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In Goldrei's "Propositional and Predicate Calculus" Pg. 106 (Theorem 3.10), he offers the following: (If $\Gamma \models\theta$, then $\Gamma \vdash \theta$) $\leftrightarrow$ (If $\Delta$ is consistent, then $\Delta$ is satisfiable)

In proving from left to right, he aims to prove the contrapositve of the right side and goes on to say:

Suppose that $\Delta$ is not satisfiable ... Take any formula $\theta$. Then every truth assignament which satisifies $\Delta$ also satisfies both $\theta$ and $\lnot\theta$!! (Well, you cannot find a truth assignment which gives a couterexample to this last statement, as there aren't any assignments which satisfy $\Delta$!) Thus we have

$\Delta \models\theta$ and $\Delta\models\lnot\theta$

So by (C) we have {EDITOR: (C) refers to the left half of theorem, which has been assumed}

$\Delta \vdash\theta$ and $\Delta\vdash\lnot\theta$

which means that $\Delta$ is inconsistent, as required.

Doesn't the unsatisfiable part ($\models$) essentially mean a contradiction? It's not so much that $\Delta$ satisfies both (it can't satisfy anything by definition!), but rather it is the principle of explosion?

But for the contrapositive proof to complete, we have to actually be able to derive contradictions. My question was whether such a thing is actually possible (AND satisfy them!).

Unfortunately in my first version of this question, I had attempted to provide an example where this might fail, but I gave {$C\rightarrow D,D$} $\vdash C$, because I was also curious whether an invalid argument that has a satisfiable antecedent was also derivable (I wrote the question over a few days and conflated my thoughts). It was correctly pointed out that "$\Delta$" was indeed satisfiable, and as such a poor example for what was being asked. In retrospect this additional concern seems foolish; I think I (ironically) attempted to affirm the consequent, i.e. simply because $\Delta$ is satisfiable does not mean that it will be consistent (i might have been muddled by the contrapositive inverting their positions).

So, in which case, there's no magic here because $\Delta \vdash\theta$ and $\Delta\vdash\lnot\theta$ is just a case of $\Delta = P\land\lnot P$, and Goldrei should have avoided any talk of satisfying "both $\theta$ and $\lnot\theta$"...?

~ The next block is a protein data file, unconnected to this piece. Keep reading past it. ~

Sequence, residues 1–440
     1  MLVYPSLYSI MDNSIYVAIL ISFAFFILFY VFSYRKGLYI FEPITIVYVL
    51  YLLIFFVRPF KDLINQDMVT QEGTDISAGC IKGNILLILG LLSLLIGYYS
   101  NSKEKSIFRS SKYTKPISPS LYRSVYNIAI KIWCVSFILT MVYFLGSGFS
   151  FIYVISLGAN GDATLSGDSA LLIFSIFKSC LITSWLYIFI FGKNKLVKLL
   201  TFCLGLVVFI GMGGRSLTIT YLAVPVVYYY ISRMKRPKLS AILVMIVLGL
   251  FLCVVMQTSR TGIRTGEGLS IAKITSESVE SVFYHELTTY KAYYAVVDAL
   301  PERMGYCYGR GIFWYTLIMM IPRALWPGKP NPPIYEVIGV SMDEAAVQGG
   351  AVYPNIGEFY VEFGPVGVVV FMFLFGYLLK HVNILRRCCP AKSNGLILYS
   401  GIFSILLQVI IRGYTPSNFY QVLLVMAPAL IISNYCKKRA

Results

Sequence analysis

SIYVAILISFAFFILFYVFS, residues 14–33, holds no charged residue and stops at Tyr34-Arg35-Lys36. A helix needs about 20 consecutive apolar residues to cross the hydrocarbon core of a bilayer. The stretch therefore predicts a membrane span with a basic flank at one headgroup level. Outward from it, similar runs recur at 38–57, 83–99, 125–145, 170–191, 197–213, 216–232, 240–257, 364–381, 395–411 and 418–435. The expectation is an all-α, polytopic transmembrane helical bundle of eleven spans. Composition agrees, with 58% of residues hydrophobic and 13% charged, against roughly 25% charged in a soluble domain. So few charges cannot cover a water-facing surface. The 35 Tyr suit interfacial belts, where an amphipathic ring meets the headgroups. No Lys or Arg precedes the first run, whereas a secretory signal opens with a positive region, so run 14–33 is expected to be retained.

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    $\begingroup$ $\{ C → D, D \}$ is obviously satisfiable; thus, we cannot derive $⊥$. $\endgroup$ May 28, 2017 at 19:46
  • $\begingroup$ He is trying to prove that (C) implies (D) : "We shall prove one half of this and leave the other half as an exercise for you." Thus, the assumption is: "if $Γ \Vdash φ$, then $Γ \vdash φ$" and he proves "if Δ is consistent, then Δ is satisfiable" proving its contrapositive. $\endgroup$ May 28, 2017 at 19:51
  • $\begingroup$ It is not true that $\{ C → D, D \} \vDash C$; try with $D$ true and $C$ false. Also $\{C → D, D \} \vDash ¬C$ does not hold: try with $C$ true and $D$ true. $\endgroup$ May 28, 2017 at 19:53
  • $\begingroup$ In the end, what is the question ? "Are there cases for $Γ⊭θ$, i.e. where not every model for $Γ$ satisfies $θ$ ?" Obviously YES. Consider as $Γ$ the set $\{ p,q,r \}$ and as $\theta$ a contradiction, like: $p \land \lnot p$. $\endgroup$ May 28, 2017 at 19:55
  • $\begingroup$ Maybe you have to check again Def page 74: "Let $Γ$ be a set of formulas and $φ$ a formula involving propositional variables in a set $P$. Then $φ$ is a logical consequence of $Γ$, when for all truth assignments $v$ on $P$, if $v(γ) = T$ for all $γ ∈ Γ$, then $v(φ) = T$." $\endgroup$ May 28, 2017 at 20:01

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I'm a little confused: certainly the statement "$\{C\rightarrow D, D\}\vdash\perp$" is false in general (that is, depending on what $C$ and $D$ are). For instance, if $C$ and $D$ are each propositional atoms, then the truth assignment making $C$ and $D$ both true is a truth assignment satisfying $\{C\rightarrow D, D\}$ but (trivially) not $\perp$, so "$\{C\rightarrow D, D\}\models\perp$" is false, and by the soundness theorem this means that "$\{C\rightarrow D, D\}\vdash\perp$" is equally false.

This issue crops up again further down. You write:

"If we consider $\{C \rightarrow D, D\} \models C$ and $\{C \rightarrow D, D\} \models \neg C$, it is easy to see that $\{C \rightarrow D, D\}$ is unsatisfiable"

but in general neither $\{C \rightarrow D, D\} \models C$ nor $\{C \rightarrow D, D\} \models \neg C$ is true!

This is a major issue, and I suspect it accounts for the confusion here.

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  • $\begingroup$ @NoahScweber yes, there was indeed a huge confusion (on my part) related to the example as you highlighted (see my response to Mauro above). I have updated my question as a result. $\endgroup$
    – Lugh
    May 29, 2017 at 1:19
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There was an error in the original question as pointed out by Noah and Mauro. The answer to the (updated) question can be found in the comments, which I am posting here so that I can close the question.

Answer: "Doesn't the unsatisfiable part (⊨) essentially mean a contradiction?" YES; the gist of the proof is exactly to equate "unsatisfiable" (which is a semantic concept) with "inconsistent" (which is a syntactical concept). A set of formulas is unsatisfiable iff it is inconsistent.

"$\Delta\vdash\theta$ and $\Delta\vdash\lnot\theta$ is just a case of $\Delta$ = P $\land\lnot P$" NO; obviously, if $\Delta\vdash\theta$ and $\Delta\vdash\lnot\theta$, by the rules of the calculus we have also $\Delta\vdash \theta \land\lnot \theta$, but not necessarily an inconsistent set of formulas mut be (or include) a single formula P $\land\lnot P$.

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